applied.txt

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Author:
emm64
ID:
141007
Filename:
applied.txt
Updated:
2012-03-11 18:33:48
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Applied 11 Cooper Lung
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Applied 11 Cooper Lung
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  1. Exercise
    • Example
    • Increase ventilation matches Vdot(O2) and Vdot(CO2)
    • e.g. Fit young subject:
    • Vdot(O2) from 0.25 to 2.5 L/min (X10)
    • Vdot(CO2) from 0.2 to 3.0 L/min (X15) (R=1.2)
    • Ve from 8 to 120 L/min (X15)
    • Arterial PCO2
    • Mild/moderate unchanged
    • Severe might fall
    • Arterial PO2
    • Might rise slightly
    • Arterial pH
    • Mild/moderate unchanged
    • Severe might fall
  2. Stimuli for Increased Ventilation
    • LIMB MOVEMENTS-Proprioceptors
    • OSCILLATIONS OF PAO2/PACO2 -Increase with increase VT, Although mean level constant
    • CENTRAL CHEMORECEPTOR SERVOMECHANISM
    • Response to PaCO2, Yet PaCO2 falls @ end extreme exercise
    • BODY TEMPERATURE
    • CORTICAL IMPULSES, Motor cortex
    • Altitude
    • Exponential decrease in PB with altitude
    • Altitude PB PAO2
    • (ft) (mm Hg) (mm Hg)
    • 0 760 150
    • 10,000 500 (67%) 100 Ski resort
    • 18,000 380 (50%) 70
    • 29,000 250 (33%) 42 Summit of Everest
    • 33,000 Aircraft cruising
    • 63,000 47 0
  3. Primary Increase in Ventilation (Altitude)
    • Hypoxia stimulates ventilation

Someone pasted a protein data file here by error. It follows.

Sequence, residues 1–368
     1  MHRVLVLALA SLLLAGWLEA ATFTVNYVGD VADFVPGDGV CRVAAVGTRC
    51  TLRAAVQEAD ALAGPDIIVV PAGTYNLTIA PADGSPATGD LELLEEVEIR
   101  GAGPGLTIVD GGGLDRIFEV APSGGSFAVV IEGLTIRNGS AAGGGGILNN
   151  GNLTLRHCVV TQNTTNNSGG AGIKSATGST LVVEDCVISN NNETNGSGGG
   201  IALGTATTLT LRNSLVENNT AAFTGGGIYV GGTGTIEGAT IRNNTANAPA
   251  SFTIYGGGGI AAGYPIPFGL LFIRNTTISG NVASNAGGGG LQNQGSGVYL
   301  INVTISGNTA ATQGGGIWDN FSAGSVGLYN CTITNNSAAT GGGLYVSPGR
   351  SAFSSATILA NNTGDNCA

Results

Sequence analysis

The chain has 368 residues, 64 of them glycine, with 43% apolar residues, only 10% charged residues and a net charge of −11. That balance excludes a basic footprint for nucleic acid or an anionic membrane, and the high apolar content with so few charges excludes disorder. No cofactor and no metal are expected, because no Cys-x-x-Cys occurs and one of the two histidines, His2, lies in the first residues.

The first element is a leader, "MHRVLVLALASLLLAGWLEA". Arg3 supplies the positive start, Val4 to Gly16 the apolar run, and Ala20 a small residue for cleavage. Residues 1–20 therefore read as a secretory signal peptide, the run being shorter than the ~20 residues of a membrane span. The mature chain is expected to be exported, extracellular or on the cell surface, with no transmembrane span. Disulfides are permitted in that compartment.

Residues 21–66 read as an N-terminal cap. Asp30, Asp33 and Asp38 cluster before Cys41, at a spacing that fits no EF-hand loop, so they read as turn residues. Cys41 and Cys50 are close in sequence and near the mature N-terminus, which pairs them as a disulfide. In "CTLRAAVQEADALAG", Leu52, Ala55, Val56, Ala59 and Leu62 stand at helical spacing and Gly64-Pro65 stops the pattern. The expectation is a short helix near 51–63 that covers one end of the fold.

• Lower PACO2 maintains higher PAO2
    • (since PACO2+PAO2=PIO2)
    • But lower PaCO2 and alkalosis decrease excitation of peripheral chemoreceptors and limit this increase in ventilation
  4. Secondary Increase in Ventilation (Altitude)
    • After 2-3 days
    • (A) RENAL EXCRETION OF HCO3-
    • Returns blood pH towards normal
    • (B) CSF HCO3- REDUCED
    • Active transport?
    • Passive redistribution?
    • (C) CEREBRAL LACTIC ACIDOSIS
    • Consumes HCO3-, reduces CSF pH
    • (D) ENHANCED CO2 RESPONSIVENESS
    • Reduced PaO2 causes left shift of -PaCO2 relationship
  5. Diminished Hypoxic Responsiveness
    • Residents @ high altitude
    • More likely if resident since infancy
    • (Also seen in chronic hypoxemia of congenital heart disease)
  6. Polycythemia
    • Increased erythropoetin
    • Increased 2,3-DPG
    • Decreased Hb affinity for oxygen
    • (left shift or lower P50)
  7. Monge’s Disease
    • Chronic mountain sickness
    • Poor hypoxemic ventilatory response
    • Polycythemia
    • Pulmonary hypertension
  8. Sleep
    • Ventilation is decreased during sleep.
    • This is in response to reduced metabolic rate, diminished cortical and reticular activating system activity and respiratory muscle relaxation during rapid eye movement (REM) sleep.
    • There is a slight tendency for PaO2 to fall and PaCO2 to rise.
    • Disturbances of ventilatory control during sleep or alternatively obstruction of the hypophangeal airway can cause sleep apnea (defined as cessation of breathing for more than 10 seconds). Some patients have frequent sleep apneas (or hypopneas) leading to sleep disruption, nocturnal hypoxemia, early morning hypercapnia and sleepiness during the day.

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